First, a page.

Rex in a box

Credit: Nicola Fielding

Credit: Nicola Fielding

We couldn’t just tease you with last week’s shot of the Iguanodon being unwrapped. The sight of our enormous dinosaurs being liberated from the foam, tape and chip board which has encased them for the past year is too good not to share.

Credit: Mike Peckett

Credit: Mike Peckett

Each time I look out into the Museum court, another specimen has been revealed. The elephants are back, the camel is looking great and the giraffe is next on the list. But the biggest impact over the last couple of weeks has to be the large dinosaurs regaining dominance in the centre of the Museum.

The T rex and Iguanodon skeletons are far too huge to move… and wouldn’t even get out of the front door! So they had their own bespoke wooden boxes built for them, which protected them from damage and dust during the roof restoration project.

But with just 3 weeks until our re-opening, the boxes are down and the foam wrapping has been discarded. Here are a few of my favourite shots of the return of the dinosaurs.

T rex being revealed Credit: Nicola Fielding

T rex being revealed
Credit: Nicola Fielding

Credit: Nicola Fielding

Credit: Nicola Fielding

The Iguanodon’s tail escapes its box

Credit: Scott Billings

Credit: Scott Billings

Our dinosaurs are ready and waiting for the visitors to return on Saturday 15th February. We all hope to see you then!

Rachel Parle, Interpretation and Education Officer

To conserve and protect

Antler

It’s no surprise that people working in the Museum are rather partial to poking around in dusty storerooms to see what they might find. It’s an extra pleasure then, when we get the chance to do some sniffing about in another museum’s collection and help them with some conservation work at the same time.

Bethany Palumbo examining the collections at Abingdon County Museum

Bethany Palumbo examining the natural history collections at Abingdon County Hall Museum

Our head of Life Collections, Darren Mann, and conservator Bethany Palumbo recently got such an opportunity when they visited Abingdon County Hall Museum to condition-assess some natural history specimens there. The museum wanted to work through the material as part of a larger effort to de-clutter its collections. Bringing in Darren and Bethany helped curators there to work out the value of what they have got.

There were lots of treasures in there. They found an assortment of non-native shells, a large tortoise shell, and many pieces of mammalian sub-fossil dredged from a local river, including pieces of antler and bone. As well as assessing the condition of each item, Bethany and Darren also advised on the potential function within the museum. Specimens without any accompanying data, for example, were separated into a handling collection for use in the museum’s outreach activities.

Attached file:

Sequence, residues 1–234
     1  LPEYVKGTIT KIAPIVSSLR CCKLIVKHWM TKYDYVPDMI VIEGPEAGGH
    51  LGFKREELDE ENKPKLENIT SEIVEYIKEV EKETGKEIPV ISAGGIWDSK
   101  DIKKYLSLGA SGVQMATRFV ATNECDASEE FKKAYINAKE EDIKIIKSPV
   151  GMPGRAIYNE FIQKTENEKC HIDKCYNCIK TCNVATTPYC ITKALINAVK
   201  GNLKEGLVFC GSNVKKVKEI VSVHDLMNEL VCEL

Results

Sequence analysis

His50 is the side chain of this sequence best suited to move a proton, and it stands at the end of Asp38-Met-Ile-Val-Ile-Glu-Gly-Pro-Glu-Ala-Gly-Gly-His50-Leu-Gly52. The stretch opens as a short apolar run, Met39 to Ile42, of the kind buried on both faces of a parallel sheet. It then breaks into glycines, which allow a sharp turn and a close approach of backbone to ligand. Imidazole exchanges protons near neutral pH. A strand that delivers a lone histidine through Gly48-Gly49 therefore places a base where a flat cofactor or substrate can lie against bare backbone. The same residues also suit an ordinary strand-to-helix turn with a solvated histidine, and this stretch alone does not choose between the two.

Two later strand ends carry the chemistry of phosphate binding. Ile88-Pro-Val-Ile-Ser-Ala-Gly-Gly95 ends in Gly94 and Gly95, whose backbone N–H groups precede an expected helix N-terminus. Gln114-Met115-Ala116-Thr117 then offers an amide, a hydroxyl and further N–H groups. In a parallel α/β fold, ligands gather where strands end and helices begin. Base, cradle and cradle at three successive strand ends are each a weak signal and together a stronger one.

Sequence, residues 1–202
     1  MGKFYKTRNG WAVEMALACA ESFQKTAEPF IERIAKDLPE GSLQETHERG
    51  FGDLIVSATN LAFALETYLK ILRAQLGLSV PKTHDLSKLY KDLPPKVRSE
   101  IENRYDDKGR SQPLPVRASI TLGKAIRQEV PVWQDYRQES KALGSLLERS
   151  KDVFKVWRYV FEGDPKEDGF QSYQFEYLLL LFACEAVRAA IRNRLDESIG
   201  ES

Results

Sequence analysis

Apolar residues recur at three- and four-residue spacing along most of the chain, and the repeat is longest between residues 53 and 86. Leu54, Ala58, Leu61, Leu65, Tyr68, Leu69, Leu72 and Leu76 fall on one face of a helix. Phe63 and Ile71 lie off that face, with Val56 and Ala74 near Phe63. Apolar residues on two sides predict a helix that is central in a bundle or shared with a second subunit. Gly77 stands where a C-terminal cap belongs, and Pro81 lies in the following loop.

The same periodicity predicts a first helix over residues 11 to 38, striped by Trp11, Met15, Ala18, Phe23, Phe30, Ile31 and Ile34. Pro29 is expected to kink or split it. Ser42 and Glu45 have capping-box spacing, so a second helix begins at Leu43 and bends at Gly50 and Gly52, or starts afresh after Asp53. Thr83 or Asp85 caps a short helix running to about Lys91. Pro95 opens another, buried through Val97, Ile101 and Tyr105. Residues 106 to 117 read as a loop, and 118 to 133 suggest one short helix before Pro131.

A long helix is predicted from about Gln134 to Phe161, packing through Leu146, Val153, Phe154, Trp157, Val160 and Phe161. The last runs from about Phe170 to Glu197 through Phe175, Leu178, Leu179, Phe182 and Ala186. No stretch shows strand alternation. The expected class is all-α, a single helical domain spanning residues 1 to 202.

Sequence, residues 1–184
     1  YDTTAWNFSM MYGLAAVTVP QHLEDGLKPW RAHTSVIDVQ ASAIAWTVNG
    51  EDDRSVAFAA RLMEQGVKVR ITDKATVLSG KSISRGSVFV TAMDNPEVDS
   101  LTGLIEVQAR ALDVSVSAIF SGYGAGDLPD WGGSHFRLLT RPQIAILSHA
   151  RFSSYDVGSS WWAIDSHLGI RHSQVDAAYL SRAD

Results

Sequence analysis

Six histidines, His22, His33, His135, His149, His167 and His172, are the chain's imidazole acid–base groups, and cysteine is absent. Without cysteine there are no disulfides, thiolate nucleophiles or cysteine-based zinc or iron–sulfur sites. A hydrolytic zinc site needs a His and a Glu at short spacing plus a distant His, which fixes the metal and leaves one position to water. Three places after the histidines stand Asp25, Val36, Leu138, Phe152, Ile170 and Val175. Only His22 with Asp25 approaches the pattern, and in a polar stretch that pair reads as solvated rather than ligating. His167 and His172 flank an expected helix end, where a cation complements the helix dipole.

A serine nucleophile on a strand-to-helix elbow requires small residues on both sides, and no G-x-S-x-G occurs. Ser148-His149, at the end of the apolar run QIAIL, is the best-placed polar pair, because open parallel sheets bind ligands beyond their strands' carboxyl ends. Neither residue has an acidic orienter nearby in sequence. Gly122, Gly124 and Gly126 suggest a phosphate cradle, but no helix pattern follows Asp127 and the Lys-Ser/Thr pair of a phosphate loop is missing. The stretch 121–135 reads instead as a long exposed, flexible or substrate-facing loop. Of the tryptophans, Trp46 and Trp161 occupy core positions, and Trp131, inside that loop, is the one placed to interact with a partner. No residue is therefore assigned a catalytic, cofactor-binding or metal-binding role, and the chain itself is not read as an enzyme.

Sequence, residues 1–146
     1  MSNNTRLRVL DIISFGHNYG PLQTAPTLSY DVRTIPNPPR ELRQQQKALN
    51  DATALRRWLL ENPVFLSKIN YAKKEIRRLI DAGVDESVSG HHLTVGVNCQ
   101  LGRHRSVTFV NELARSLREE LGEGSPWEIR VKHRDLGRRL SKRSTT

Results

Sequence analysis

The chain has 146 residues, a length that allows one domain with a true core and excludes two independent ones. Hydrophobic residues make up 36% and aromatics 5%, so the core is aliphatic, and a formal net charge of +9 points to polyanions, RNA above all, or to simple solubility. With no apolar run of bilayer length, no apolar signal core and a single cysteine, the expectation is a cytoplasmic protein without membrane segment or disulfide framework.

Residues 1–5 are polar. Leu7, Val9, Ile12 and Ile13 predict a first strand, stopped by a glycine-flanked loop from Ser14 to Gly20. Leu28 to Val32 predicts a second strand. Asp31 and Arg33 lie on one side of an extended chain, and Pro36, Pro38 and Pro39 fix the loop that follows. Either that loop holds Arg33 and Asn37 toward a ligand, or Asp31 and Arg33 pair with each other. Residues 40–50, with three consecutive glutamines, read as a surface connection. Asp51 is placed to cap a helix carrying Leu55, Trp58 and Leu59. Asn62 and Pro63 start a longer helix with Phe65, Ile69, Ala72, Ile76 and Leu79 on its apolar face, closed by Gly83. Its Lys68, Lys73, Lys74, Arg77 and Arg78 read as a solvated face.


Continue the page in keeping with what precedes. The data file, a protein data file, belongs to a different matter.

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Working with local museums in this way is a wonderful way to share skills and expertise with other professionals, and helps to build a stronger base of knowledge in the Oxford area. Besides, it’s always cool to see what can be found lurking in an old storeroom or two…

Bethany Palumbo, Conservator of Life Collections
Scott Billings, Communications coordinator

The One Show

Amazon Dismorphia Wallace

Last week, members of our conservation team were presented with a wonderful opportunity to get out of the ‘Whale Tank’ and make their way to London to escort some very special specimens to the BBC.

The precious cargo consisted of newly-discovered Alfred Russel Wallace butterfly specimens that were uncovered in the Museum’s Life Collection by 17-year-old Athena Martin, a Nuffield Research Placements work experience student. This story featured on Thursday night’s edition of The One Show, where presenter Mike Dilger spoke about Athena’s project with the Museum and was able to show, on national television, the fruit of her hard work.

Papilio

Papilio ulysses. Examples collected by Wallace are marked with a red dot.

Two cases of butterflies were used on the programme and contained specimens collected by Wallace during his exploration of the Malay Archipelago. The show focused in particular on Papilio ulysses, and it was a joy to witness Mike Dilger’s excitement at discovering Wallace’s handwritten collection labels.

Our specimens, which were shown alongside some wonderful footage of CT scans of a developing chrysalis, made for excellent viewing for anyone with an interest in Lepidoptera.

If you missed it the first time around please do have a look on the BBC iPlayer. The butterfly feature begins at about 15’40”.

Gemma Aboe with the drawers of Wallace specimens.

Gemma Aboe with the drawers of Wallace specimens.

We are very grateful for coverage on The One Show as it was an excellent opportunity to demonstrate, outside the Museum environment, the significance of natural history specimens, as well as highlight the important work of our conservators. It was also a thrill to be on set and watch the live show, so thanks a lot to the BBC for asking us along.